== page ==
Can I fake a fixed IP address?
December 10, 2003 9:10 PM   Subscribe

Can I fake a fixed IP address? [more inside]

I am in the process of setting up a new server at work which will, among other things, act as a Terminal Server to provide staff with remote access to our network. The problem is that we do not have a fixed IP address on our Internet connection (we can get one, but it costs at least $100 per month extra) and our provider disconnects us at least once a day, which means that our IP address changes at least that often. We are using a D-Link DSL-504 ADSL router to connect to the Internet and the new server will be running MS Small Business Server 2003. The solution we have come up with so far is to run a script on the server that sends the current IP to a web page, requiring staff to open that page and paste the current IP into the Terminal Services client to connect. Does anyone have a better idea?
posted by dg to Computers & Internet (15 answers total) 2 users marked this as a favorite
Best answer:
posted by machaus at 9:19 PM on December 10, 2003

You can't fake a fixed IP address, however you can do a couple things:

1) Use a dynamic DNS service to assign the machine a name, and install a client for updating the DNS name when the IP address changes. (This is what No-IP is; there are tons of others. I currently use DynDNS.)
2) Use the embedded (ActiveX) Remote Desktop client to put the desktop session itself in the Web page, rather than just the IP address, and have your script update that page.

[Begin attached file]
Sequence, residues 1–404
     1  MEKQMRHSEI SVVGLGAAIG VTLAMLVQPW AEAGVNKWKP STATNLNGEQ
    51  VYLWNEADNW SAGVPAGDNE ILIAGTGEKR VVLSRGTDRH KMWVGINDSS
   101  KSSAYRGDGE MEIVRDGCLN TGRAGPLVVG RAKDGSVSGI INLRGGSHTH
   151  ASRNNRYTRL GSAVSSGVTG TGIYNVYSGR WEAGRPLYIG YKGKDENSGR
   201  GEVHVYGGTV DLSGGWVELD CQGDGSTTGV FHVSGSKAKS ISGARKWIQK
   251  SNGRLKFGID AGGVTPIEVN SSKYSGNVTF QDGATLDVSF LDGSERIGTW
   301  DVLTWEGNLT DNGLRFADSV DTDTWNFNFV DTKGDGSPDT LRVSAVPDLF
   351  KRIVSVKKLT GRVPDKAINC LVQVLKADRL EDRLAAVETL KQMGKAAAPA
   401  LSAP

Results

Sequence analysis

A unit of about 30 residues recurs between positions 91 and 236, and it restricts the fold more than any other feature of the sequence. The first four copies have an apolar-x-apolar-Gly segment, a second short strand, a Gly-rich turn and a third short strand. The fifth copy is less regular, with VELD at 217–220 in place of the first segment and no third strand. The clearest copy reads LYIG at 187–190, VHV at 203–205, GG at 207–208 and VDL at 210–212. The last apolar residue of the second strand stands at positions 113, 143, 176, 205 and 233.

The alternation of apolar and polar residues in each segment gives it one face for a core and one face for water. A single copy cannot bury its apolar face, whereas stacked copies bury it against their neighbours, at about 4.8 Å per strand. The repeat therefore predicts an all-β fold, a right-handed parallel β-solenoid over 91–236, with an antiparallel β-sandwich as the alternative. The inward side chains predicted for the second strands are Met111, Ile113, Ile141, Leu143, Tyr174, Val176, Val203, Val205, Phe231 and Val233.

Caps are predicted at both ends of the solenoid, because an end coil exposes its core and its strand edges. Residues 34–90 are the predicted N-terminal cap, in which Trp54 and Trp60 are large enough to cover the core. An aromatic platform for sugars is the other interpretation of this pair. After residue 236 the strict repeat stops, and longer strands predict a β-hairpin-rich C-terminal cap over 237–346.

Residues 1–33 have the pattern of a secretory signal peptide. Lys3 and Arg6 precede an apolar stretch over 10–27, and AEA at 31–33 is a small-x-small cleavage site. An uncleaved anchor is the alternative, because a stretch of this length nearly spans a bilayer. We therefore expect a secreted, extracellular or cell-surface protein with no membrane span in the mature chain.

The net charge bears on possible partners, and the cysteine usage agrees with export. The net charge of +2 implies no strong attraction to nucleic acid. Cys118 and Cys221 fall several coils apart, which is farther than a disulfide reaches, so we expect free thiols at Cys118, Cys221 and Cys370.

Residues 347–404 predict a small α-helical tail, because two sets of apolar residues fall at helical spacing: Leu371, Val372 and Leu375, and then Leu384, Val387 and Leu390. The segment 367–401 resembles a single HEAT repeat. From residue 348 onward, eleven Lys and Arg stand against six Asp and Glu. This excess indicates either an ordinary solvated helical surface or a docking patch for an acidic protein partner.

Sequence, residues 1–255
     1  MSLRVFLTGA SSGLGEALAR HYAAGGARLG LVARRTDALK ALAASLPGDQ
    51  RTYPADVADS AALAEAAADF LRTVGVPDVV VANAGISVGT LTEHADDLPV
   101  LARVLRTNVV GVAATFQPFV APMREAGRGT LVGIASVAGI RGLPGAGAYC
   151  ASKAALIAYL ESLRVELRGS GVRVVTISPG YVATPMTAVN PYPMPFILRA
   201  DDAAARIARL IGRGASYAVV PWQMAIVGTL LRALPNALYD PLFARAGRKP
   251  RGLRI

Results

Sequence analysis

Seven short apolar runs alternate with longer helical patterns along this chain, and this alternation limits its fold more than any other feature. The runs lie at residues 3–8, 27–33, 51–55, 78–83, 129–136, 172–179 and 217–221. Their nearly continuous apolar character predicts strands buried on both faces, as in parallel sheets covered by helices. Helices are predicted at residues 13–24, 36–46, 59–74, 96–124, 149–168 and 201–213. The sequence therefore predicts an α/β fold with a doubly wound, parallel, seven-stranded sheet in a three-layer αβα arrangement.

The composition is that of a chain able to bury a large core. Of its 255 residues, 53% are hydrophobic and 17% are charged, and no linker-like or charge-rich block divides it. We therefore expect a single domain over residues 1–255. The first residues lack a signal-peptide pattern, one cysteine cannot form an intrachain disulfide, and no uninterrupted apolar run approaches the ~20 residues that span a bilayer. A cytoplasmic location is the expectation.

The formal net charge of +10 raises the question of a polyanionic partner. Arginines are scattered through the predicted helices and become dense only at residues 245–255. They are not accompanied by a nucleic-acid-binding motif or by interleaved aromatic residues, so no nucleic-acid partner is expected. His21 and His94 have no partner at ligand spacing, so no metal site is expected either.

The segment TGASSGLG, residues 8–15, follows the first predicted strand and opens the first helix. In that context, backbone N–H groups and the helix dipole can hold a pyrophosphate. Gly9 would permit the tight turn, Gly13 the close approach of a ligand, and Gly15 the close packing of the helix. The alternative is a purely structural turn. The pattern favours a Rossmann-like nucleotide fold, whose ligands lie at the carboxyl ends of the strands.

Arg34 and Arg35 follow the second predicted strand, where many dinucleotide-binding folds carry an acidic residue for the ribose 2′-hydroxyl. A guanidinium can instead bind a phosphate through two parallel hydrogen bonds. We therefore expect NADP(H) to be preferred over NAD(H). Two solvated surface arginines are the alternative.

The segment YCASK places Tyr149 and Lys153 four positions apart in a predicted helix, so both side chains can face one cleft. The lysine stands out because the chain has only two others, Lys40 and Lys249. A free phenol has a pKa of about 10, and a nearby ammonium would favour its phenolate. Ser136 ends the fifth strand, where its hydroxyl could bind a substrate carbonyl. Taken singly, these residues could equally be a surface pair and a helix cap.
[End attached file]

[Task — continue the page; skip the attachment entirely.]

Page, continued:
posted by kindall at 9:35 PM on December 10, 2003 is a paid version of DynDNS and the like. You could get a domain that was always pointed at your workplace box, like "" that people could remember. If I remember correctly, TZO even offers real domain mapping to dynamic addresses (I don't know how they re-route names so fast), but you could then do through them.
posted by mathowie at 9:55 PM on December 10, 2003 is a very good service, and they have a client program that will keep updated with your dynamic IP. Free, fast... only problem for you, being a business, is the names you will be working with. Not exactly professional, yet free.

Such as
the list goes on...
posted by Keyser Soze at 10:00 PM on December 10, 2003

Response by poster: The names are not really important, as it is only staff who will be using the log-in, although it would be easier to remember if it was part of our domain in some way. The main thing is to provide a consistent way to connect, which the above seem to do. I am pretty new to Terminal Services - would it be possible to enter something like into the Terminal Services client and have a URL redirection from there to
posted by dg at 10:40 PM on December 10, 2003

I dont know, but you could assign different host names to different ports.
posted by Keyser Soze at 10:42 PM on December 10, 2003

I suppose you could do a CNAME domain record to bounce over to the free dynamic IP host. That's probably how this works at
posted by mathowie at 10:44 PM on December 10, 2003